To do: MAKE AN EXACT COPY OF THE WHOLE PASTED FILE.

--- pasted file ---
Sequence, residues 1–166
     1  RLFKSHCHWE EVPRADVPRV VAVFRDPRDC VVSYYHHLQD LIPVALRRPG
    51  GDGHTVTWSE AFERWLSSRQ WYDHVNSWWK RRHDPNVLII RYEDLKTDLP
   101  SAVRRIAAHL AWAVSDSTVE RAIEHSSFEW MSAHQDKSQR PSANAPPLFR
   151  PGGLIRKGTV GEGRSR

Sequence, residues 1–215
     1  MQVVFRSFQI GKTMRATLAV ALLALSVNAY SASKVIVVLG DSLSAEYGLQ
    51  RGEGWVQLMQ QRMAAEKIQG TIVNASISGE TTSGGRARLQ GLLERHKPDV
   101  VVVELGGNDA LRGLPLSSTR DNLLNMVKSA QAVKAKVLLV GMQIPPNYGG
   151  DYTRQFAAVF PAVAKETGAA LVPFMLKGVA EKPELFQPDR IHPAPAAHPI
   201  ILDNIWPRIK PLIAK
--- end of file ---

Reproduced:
Sequence, residues 1–166
     1  RLFKSHCHWE EVPRADVPRV VAVFRDPRDC VVSYYHHLQD LIPVALRRPG
    51  GDGHTVTWSE AFERWLSSRQ WYDHVNSWWK RRHDPNVLII RYEDLKTDLP
   101  SAVRRIAAHL AWAVSDSTVE RAIEHSSFEW MSAHQDKSQR PSANAPPLFR
   151  PGGLIRKGTV GEGRSR

Sequence, residues 1–215
     1  MQVVFRSFQI GKTMRATLAV ALLALSVNAY SASKVIVVLG DSLSAEYGLQ
    51  RGEGWVQLMQ QRMAAEKIQG TIVNASISGE TTSGGRARLQ GLLERHKPDV
   101  VVVELGGNDA LRGLPLSSTR DNLLNMVKSA QAVKAKVLLV GMQIPPNYGG
   151  DYTRQFAAVF PAVAKETGAA LVPFMLKGVA EKPELFQPDR IHPAPAAHPI
   201  ILDNIWPRIK PLIAK